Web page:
Former United States President Donald Trump has warned of “potential death and destruction” if he is charged in a New York investigation into a hush money payment that his personal lawyer paid to a porn star in 2016.
Trump’s comment early on Friday comes nearly a week after he claimed he would be arrested in relation to the case and urged his supporters to protest.
“What kind of person can charge another person, in this case a former President of the United States, who got more votes than any sitting President in history, and leading candidate (by far!) for the Republican Party nomination, with a Crime, when it is known by all that NO Crime has been committed, & also known that potential death & destruction in such a false charge could be catastrophic for our Country?” Trump wrote on his Truth Social platform on Friday.
The former president, who is running for the White House again in 2024, has repeatedly rebuked Manhattan District Attorney Alvin Bragg, the prosecutor overseeing the investigation.
Hours earlier, Trump posted an article that featured a split image showing a photo of the former president holding a baseball bat on one side and a picture of Bragg on the other.
The former president’s bellicose rhetoric and calls for protests have renewed fears of political violence, more than two years after a mob of Trump supporters stormed the US Capitol on January 6, 2021, to try to prevent the certification of Joe Biden’s 2020 presidential election win.
“If you still support Donald Trump, you are supporting an individual who has called for chaos and violence, and continues to call for chaos and violence,” Democratic Congressman Ted Lieu wrote on Twitter on Friday.
Democratic House Minority Leader Hakeem Jeffries also called Trump’s rhetoric “reprehensible” and “disgusting”.
“It’s dangerous, and if he keeps it up, he’s going to get someone killed,” Jeffries told reporters.
In a letter to key Republican members of the House of Representative on Thursday, Bragg, an elected Democrat, rejected accusations that the investigation is politically motivated, stressing that he is exercising his legal duties as a prosecutor.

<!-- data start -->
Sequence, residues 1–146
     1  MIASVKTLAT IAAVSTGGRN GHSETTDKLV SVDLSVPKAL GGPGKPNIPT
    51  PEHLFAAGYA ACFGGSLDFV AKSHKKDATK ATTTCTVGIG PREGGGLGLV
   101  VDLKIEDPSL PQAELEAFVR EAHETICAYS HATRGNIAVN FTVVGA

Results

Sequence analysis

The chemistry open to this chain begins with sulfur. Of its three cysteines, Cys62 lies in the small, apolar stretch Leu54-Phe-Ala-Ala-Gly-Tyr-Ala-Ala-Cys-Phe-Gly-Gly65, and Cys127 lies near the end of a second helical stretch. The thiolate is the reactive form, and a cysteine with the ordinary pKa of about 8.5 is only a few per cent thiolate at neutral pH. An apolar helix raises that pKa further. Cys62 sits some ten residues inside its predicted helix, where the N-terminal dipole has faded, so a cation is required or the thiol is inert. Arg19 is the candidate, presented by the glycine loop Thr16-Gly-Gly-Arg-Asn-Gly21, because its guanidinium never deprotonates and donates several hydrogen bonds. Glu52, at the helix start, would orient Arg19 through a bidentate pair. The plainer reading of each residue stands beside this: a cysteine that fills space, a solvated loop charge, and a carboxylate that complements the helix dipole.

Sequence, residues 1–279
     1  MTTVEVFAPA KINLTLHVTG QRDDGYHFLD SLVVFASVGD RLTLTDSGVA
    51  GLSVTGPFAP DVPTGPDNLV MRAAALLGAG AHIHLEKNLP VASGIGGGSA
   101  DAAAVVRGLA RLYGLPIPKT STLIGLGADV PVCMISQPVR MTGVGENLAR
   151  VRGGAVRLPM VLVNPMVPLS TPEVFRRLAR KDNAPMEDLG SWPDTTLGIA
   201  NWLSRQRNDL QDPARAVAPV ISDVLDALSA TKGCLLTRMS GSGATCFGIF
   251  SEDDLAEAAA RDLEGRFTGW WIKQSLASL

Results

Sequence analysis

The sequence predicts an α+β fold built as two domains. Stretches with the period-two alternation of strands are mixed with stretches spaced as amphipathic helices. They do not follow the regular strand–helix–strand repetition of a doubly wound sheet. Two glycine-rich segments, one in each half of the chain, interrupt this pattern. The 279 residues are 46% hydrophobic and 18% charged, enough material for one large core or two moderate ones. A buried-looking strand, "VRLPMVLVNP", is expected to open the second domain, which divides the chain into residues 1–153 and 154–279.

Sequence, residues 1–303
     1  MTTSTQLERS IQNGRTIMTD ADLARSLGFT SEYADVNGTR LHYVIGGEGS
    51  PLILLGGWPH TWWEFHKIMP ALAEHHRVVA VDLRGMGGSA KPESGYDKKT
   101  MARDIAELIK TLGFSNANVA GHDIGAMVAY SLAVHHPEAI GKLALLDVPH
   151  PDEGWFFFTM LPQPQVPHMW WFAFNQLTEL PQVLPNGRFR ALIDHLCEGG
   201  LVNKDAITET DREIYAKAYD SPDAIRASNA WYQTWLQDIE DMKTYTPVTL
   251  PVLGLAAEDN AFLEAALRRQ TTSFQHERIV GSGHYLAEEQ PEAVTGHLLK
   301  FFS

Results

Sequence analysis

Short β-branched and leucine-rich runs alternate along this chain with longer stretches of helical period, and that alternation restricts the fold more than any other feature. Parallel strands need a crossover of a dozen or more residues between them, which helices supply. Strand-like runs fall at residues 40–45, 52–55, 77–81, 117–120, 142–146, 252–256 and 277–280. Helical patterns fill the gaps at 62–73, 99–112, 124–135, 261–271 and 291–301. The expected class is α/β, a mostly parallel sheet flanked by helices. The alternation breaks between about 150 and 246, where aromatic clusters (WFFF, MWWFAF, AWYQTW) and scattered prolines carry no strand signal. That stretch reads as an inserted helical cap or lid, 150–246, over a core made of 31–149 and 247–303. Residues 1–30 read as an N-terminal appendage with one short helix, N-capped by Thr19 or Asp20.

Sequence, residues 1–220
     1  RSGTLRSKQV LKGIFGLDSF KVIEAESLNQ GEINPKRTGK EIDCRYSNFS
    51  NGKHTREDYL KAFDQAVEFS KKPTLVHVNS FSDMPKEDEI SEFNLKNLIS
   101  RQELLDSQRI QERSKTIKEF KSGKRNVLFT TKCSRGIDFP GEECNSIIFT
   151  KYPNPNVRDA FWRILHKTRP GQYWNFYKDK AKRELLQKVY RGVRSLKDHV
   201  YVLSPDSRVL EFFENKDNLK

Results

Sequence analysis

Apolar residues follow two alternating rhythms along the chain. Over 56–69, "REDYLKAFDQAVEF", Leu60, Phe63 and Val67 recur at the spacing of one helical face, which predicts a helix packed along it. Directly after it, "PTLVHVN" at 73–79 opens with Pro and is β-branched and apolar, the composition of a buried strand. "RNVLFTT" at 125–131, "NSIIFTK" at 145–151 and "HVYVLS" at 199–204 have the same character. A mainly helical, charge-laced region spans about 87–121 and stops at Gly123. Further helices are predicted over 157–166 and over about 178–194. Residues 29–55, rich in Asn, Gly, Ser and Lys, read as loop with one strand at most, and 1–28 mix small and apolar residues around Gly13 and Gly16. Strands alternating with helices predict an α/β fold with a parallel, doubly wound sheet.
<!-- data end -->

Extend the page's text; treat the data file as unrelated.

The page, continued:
The New York case revolves around a payment that Trump’s then-lawyer Michael Cohen made to adult film actor Stormy Daniels ahead of the 2016 election. Daniels said she had an affair with Trump, who is married, and Cohen said he paid her on Trump’s orders.
The former president has denied the affair and said the payment was to protect his reputation from a false accusation, insisting that he did nothing wrong.
A grand jury has been meeting behind closed doors this week to determine whether to lay charges against Trump.
Several US media outlets have reported that the potential charges relate to the way Trump reimbursed Cohen. Prosecutors allege that he improperly labelled the payments as legal expenses, which could lead to charges of falsifying business records.
Many prominent Republicans have come to Trump’s defence, echoing his accusations of political meddling by Bragg. Still, most have ignored or dismissed Trump’s calls for protests.
“We want calmness out there,” House Speaker Kevin McCarthy, a Trump ally, said this week.
On Monday, White House National Security Council spokesperson John Kirby said he was “not aware” of any specific threats relating to Trump’s remarks.
“We’re constantly monitoring this as you would think we should, particularly in the wake of what happened on January 6,” Kirby told reporters.
Trump is to hold a campaign rally in Waco, Texas, on Saturday. The event will coincide with the 30th anniversary of a bloody standoff between federal law enforcement and Branch Davidians, a religious cult, that killed 80 people from the group and four US agents.
The incident turned into a major grievance for anti-government and far-right groups.
Trump’s campaign has dismissed any link between the rally and the anniversary of the violence, telling US media outlets that Waco was chosen because of its central location in Texas.
Beyond the New York case, Trump is facing federal investigations over his role in the January 6 attack on the US Capitol, as well as his possible mishandling of classified documents.
The state of Georgia also is conducting an investigation into Trump’s efforts to overturn the results of the 2020 election.
Trump has denied any wrongdoing in all the cases, dismissing them as politically motivated.